A sudden drop in outdoor temperature increases the risk of respiratory infections
11.01.2017 | University of Gothenburg
Urbanization to convert 300,000 km2 of prime croplands
27.12.2016 | Mercator Research Institute on Global Commons and Climate Change (MCC) gGmbH
Among the general public, solar thermal energy is currently associated with dark blue, rectangular collectors on building roofs. Technologies are needed for aesthetically high quality architecture which offer the architect more room for manoeuvre when it comes to low- and plus-energy buildings. With the “ArKol” project, researchers at Fraunhofer ISE together with partners are currently developing two façade collectors for solar thermal energy generation, which permit a high degree of design flexibility: a strip collector for opaque façade sections and a solar thermal blind for transparent sections. The current state of the two developments will be presented at the BAU 2017 trade fair.
As part of the “ArKol – development of architecturally highly integrated façade collectors with heat pipes” project, Fraunhofer ISE together with its partners...
At TU Wien, an alternative for resource intensive formwork for the construction of concrete domes was developed. It is now used in a test dome for the Austrian Federal Railways Infrastructure (ÖBB Infrastruktur).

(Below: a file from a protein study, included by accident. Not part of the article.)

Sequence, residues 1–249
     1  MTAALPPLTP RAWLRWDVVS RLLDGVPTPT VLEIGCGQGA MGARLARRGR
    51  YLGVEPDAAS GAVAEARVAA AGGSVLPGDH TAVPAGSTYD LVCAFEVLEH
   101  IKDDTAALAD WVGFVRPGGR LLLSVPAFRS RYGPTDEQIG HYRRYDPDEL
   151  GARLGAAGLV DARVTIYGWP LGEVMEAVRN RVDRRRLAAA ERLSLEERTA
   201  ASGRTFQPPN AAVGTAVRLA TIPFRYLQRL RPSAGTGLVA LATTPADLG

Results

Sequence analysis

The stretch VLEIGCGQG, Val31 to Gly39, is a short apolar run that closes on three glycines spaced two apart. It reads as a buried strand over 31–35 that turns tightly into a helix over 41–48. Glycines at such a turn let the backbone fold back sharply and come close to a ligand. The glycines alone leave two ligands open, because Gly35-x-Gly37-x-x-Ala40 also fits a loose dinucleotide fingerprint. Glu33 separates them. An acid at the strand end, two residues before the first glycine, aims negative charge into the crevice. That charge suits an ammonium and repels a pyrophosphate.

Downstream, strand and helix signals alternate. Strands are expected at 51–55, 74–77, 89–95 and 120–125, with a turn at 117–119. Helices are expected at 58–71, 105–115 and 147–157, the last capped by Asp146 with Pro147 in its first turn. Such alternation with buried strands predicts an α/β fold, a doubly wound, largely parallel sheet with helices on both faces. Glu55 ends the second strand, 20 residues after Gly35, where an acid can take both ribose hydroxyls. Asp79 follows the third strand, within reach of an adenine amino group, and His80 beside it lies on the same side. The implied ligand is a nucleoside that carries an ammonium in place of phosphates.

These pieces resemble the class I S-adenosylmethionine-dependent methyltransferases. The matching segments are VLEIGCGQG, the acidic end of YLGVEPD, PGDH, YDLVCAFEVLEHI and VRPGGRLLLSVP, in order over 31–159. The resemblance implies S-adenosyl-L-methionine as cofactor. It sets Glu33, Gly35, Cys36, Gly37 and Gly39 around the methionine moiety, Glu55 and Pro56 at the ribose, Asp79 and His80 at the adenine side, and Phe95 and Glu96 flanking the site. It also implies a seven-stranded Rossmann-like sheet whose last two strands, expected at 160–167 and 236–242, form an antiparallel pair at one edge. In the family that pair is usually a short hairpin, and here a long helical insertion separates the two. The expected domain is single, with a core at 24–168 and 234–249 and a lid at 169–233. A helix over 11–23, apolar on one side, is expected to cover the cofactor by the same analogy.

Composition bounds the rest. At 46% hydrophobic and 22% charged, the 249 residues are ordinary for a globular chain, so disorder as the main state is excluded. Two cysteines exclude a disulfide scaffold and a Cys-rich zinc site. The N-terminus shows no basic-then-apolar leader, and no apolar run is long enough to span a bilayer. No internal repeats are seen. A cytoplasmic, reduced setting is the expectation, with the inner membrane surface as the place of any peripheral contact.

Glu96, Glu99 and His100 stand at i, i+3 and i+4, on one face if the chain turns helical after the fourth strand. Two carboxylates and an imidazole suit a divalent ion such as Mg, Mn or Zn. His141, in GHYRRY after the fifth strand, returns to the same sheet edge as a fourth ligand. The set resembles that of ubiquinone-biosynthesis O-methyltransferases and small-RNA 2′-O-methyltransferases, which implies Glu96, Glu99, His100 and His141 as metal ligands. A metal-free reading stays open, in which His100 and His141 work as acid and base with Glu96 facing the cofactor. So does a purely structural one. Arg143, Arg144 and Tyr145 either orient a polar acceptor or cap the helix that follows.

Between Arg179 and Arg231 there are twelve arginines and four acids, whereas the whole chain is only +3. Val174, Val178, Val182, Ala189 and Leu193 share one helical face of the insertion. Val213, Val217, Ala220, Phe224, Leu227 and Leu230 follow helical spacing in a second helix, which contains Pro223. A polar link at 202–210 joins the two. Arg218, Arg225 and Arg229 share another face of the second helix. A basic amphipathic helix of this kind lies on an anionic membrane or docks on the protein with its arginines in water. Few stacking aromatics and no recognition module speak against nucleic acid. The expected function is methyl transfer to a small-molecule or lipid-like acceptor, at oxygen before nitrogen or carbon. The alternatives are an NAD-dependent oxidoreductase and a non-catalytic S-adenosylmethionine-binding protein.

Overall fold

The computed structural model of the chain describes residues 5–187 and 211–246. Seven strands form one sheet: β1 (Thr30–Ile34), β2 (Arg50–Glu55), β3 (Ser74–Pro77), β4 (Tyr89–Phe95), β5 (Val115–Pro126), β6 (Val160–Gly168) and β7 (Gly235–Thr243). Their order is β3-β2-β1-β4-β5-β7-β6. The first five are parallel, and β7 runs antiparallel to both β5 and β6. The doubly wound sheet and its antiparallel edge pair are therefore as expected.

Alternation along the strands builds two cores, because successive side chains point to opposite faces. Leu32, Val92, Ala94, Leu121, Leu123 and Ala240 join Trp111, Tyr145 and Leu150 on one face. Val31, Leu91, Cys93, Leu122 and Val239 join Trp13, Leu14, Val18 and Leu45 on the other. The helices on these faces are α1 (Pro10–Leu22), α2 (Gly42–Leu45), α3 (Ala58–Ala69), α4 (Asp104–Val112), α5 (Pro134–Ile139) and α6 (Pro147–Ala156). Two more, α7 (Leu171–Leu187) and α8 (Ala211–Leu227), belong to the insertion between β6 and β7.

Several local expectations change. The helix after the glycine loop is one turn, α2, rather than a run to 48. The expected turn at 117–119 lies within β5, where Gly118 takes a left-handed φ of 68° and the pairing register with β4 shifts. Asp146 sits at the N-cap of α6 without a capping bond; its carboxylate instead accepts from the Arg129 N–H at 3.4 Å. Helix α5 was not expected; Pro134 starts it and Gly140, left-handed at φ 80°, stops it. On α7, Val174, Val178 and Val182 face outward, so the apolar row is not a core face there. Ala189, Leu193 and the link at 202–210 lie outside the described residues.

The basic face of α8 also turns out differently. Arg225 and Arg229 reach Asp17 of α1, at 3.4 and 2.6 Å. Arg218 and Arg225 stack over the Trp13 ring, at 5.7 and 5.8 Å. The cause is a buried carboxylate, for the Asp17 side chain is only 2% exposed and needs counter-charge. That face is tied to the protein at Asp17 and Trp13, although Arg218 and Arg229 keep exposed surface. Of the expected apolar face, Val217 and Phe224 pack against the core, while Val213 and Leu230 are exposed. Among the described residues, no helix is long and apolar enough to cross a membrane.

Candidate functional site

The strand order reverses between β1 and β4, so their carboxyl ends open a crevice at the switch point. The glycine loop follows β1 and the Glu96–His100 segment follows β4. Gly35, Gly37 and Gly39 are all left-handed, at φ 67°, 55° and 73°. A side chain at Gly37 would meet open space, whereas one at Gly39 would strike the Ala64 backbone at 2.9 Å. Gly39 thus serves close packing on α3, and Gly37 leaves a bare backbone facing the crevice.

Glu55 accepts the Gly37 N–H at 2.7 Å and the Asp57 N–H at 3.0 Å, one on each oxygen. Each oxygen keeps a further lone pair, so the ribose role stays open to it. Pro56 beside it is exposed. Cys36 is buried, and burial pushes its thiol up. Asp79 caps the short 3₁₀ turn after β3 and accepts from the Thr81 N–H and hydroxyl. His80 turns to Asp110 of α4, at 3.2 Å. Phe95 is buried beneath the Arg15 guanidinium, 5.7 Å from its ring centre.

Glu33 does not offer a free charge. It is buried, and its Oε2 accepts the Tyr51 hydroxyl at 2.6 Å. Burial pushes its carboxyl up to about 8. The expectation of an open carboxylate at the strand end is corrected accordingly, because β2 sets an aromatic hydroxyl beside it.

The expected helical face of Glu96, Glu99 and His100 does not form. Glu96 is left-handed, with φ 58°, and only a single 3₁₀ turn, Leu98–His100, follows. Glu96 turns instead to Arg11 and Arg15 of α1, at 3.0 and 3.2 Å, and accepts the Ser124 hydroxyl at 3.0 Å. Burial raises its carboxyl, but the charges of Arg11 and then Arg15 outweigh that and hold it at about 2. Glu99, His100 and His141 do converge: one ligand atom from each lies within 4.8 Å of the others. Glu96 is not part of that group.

Concrete shells are efficient structures, but not very resource efficient. The formwork for the construction of concrete domes alone requires a high amount of...
Many pathogens use certain sugar compounds from their host to help conceal themselves against the immune system. Scientists at the University of Bonn have now, in cooperation with researchers at the University of York in the United Kingdom, analyzed the dynamics of a bacterial molecule that is involved in this process. They demonstrate that the protein grabs onto the sugar molecule with a Pac Man-like chewing motion and holds it until it can be used. Their results could help design therapeutics that could make the protein poorer at grabbing and holding and hence compromise the pathogen in the host. The study has now been published in “Biophysical Journal”.
The cells of the mouth, nose and intestinal mucosa produce large quantities of a chemical called sialic acid. Many bacteria possess a special transport system...
UMD, NOAA collaboration demonstrates suitability of in-orbit datasets for weather satellite calibration
"Traffic and weather, together on the hour!" blasts your local radio station, while your smartphone knows the weather halfway across the world. A network of...
Fiber-reinforced plastics (FRP) are frequently used in the aeronautic and automobile industry. However, the repair of workpieces made of these composite materials is often less profitable than exchanging the part. In order to increase the lifetime of FRP parts and to make them more eco-efficient, the Laser Zentrum Hannover e.V. (LZH) and the Apodius GmbH want to combine a new measuring device for fiber layer orientation with an innovative laser-based repair process.
Defects in FRP pieces may be production or operation-related. Whether or not repair is cost-effective depends on the geometry of the defective area, the tools...
10.01.2017 | Event News
09.01.2017 | Event News
05.01.2017 | Event News
16.01.2017 | Trade Fair News
16.01.2017 | Automotive Engineering
16.01.2017 | Life Sciences